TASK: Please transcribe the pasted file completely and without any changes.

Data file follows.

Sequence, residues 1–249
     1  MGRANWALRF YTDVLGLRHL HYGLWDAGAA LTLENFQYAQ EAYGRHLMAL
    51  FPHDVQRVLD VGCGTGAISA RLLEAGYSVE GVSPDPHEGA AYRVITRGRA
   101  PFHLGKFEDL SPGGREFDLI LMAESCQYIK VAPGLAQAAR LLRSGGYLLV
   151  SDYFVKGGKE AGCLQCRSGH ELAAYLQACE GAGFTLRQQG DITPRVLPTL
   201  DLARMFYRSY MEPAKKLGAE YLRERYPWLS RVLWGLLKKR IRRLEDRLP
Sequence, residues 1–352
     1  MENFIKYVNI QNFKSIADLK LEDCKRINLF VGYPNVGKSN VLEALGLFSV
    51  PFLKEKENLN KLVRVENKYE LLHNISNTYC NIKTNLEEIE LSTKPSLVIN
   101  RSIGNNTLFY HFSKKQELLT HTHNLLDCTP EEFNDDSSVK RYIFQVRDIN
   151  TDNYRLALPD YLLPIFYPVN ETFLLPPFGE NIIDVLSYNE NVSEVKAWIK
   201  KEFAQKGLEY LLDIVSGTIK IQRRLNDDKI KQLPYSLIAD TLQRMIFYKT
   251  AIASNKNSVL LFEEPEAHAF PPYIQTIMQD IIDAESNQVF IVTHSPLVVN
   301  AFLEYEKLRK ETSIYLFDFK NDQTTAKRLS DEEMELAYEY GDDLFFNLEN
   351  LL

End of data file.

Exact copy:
Sequence, residues 1–249
     1  MGRANWALRF YTDVLGLRHL HYGLWDAGAA LTLENFQYAQ EAYGRHLMAL
    51  FPHDVQRVLD VGCGTGAISA RLLEAGYSVE GVSPDPHEGA AYRVITRGRA
   101  PFHLGKFEDL SPGGREFDLI LMAESCQYIK VAPGLAQAAR LLRSGGYLLV
   151  SDYFVKGGKE AGCLQCRSGH ELAAYLQACE GAGFTLRQQG DITPRVLPTL
   201  DLARMFYRSY MEPAKKLGAE YLRERYPWLS RVLWGLLKKR IRRLEDRLP
Sequence, residues 1–352
     1  MENFIKYVNI QNFKSIADLK LEDCKRINLF VGYPNVGKSN VLEALGLFSV
    51  PFLKEKENLN KLVRVENKYE LLHNISNTYC NIKTNLEEIE LSTKPSLVIN
   101  RSIGNNTLFY HFSKKQELLT HTHNLLDCTP EEFNDDSSVK RYIFQVRDIN
   151  TDNYRLALPD YLLPIFYPVN ETFLLPPFGE NIIDVLSYNE NVSEVKAWIK
   201  KEFAQKGLEY LLDIVSGTIK IQRRLNDDKI KQLPYSLIAD TLQRMIFYKT
   251  AIASNKNSVL LFEEPEAHAF PPYIQTIMQD IIDAESNQVF IVTHSPLVVN
   301  AFLEYEKLRK ETSIYLFDFK NDQTTAKRLS DEEMELAYEY GDDLFFNLEN
   351  LL